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Pandemic transformed Americans’ job priorities

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Multiethnic group of happy business people working together in office
(Photo by ESB Professional via Shutterstock)

According to new research, the pandemic has affected all aspects of Americans’ lives, including what they prioritize at work.

A survey of 2,000 adults, who are either employed or currently looking for work, revealed 71% said their workplace priorities have actively changed due to the COVID-19 pandemic.

When asked which parts of their job have become more important, salary topped the list (76%), followed by having a company health care plan (58%) and having flexible work options (55%).

Rounding out the top five aspects were the workplace environment — whether it’s in an office, at home or hybrid (also 55%) — and the job itself (54%).

Conducted by OnePoll and commissioned by Avocado Green Mattress, the study also found that employers’ values are taken into consideration when deciding to remain in or leave a job.

Working for a company whose values they agree with (52%) and working for a company that gives back (52%) have both become more important for respondents in the wake of the pandemic.

For 74%, working for a company they believe in is more of a priority now than ever before.

And seven in 10 shared they’re more likely to enjoy their jobs if they work for a company that values sustainability and eco-consciousness.

“Good climate and sustainability policies are good business policies,” said Avocado Green Mattress’ Chief Marketing Officer and co-founder Mark Abrials. “Not only do they help stabilize our supply chains and create a more resilient economy and healthier planet for all, but we know that championing these values helps retain employees and improve morale, too.”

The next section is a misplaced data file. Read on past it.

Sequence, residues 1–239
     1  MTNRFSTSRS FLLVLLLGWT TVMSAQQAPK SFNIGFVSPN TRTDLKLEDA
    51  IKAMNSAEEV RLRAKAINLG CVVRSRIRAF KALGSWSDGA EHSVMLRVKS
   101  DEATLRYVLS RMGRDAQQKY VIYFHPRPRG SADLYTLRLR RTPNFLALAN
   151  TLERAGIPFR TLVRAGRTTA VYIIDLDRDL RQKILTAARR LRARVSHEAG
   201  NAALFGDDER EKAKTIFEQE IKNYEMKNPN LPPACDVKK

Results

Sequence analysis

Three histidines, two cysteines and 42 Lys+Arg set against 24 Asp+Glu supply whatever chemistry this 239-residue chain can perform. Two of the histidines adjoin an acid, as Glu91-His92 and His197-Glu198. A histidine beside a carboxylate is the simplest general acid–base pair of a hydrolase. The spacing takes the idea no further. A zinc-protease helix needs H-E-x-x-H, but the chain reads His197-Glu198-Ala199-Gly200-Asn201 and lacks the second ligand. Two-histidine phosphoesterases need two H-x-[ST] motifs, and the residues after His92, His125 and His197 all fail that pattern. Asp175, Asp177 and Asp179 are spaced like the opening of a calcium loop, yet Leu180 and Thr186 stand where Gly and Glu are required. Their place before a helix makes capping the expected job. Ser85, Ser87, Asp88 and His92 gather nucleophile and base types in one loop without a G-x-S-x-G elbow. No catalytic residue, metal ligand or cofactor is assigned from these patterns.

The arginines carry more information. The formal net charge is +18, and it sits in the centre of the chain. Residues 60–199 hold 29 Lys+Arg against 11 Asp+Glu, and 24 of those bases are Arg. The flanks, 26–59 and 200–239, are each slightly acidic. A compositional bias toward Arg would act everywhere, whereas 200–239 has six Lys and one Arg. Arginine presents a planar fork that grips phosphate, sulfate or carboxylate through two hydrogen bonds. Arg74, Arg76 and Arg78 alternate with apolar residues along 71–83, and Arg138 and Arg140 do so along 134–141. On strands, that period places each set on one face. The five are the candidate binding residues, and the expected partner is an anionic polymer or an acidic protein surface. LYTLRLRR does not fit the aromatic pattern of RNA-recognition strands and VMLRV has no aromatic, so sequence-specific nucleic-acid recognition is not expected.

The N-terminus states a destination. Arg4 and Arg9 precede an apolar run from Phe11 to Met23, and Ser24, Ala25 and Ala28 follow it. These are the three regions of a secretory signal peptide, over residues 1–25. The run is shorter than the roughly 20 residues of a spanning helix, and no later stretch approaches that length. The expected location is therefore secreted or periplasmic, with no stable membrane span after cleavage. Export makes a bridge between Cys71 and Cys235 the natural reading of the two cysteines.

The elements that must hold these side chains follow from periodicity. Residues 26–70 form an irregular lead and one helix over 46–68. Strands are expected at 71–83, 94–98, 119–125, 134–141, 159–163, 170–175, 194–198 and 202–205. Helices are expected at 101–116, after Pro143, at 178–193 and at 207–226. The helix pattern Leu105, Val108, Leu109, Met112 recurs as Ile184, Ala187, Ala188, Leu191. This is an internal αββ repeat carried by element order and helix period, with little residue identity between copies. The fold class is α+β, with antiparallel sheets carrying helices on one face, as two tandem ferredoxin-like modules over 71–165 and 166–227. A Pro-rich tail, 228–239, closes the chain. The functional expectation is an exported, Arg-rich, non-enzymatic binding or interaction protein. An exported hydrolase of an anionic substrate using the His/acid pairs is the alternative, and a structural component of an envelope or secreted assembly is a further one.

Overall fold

After seeing how workplace priorities have shifted during the pandemic, the survey also asked respondents’ views about “The Great Resignation” — the trend of employees voluntarily resigning from their jobs en masse.

On average, respondents expect The Great Resignation to continue for almost another six months.

And there may be an unexpected benefit from this trend: 70% of respondents are hopeful that The Great Resignation will encourage companies to be more sustainable and eco-conscious, so they could keep their employees from leaving.

This might tie into the fact that 75% of respondents believe companies and corporations have a responsibility to take ethical and environmentally friendly actions.

Thirty-seven percent of respondents have even left a job because it was not ethical or environmentally friendly — which compares to 31% in a 2019 survey run by OnePoll and Avocado Green Mattress on a similar

In the 2022 survey, 44% said they’d be willing to take a pay cut to work at an ethical and environmentally friendly company, compared to 52% in the 2019 survey, perhaps reflecting how salary has become more important since the pandemic.

But of those open to taking a pay cut to work at an ethical and environmentally friendly company, respondents in this year’s survey were open to taking a slightly larger deduction — 34%, versus 30% in the 2019 survey.

“We know what’s at stake, which is why we’re climate-neutral certified
and a member of 1% For the Planet,” added Abrials. “These trends show what we all already know: on behalf of people and the planet — we all need to take action now.”


  • Money/salary - 76%
  • Health care plan through their company - 58%
  • Flexible working (the ability to work from home/work hybrid) - 55%
  • The working environment (whether in an office or at home, etc.) - 55%
  • The job itself (enjoying what it is they do) - 54%
  • Having job security - 54%
  • Working for a company whose values they agree with - 52%
  • Retirement plan/401(k) through their company - 52%
  • Working for a company that gives back - 52%
  • Responsibility - 50%
  • Having “green”/sustainable initiatives - 49%
  • Opportunities for career development/growth - 49%
  • Having new challenges in their role - 49%
  • Relationship with colleagues - 48%
  • Having a diverse workplace - 48%
  • Receiving regular recognition - 46%

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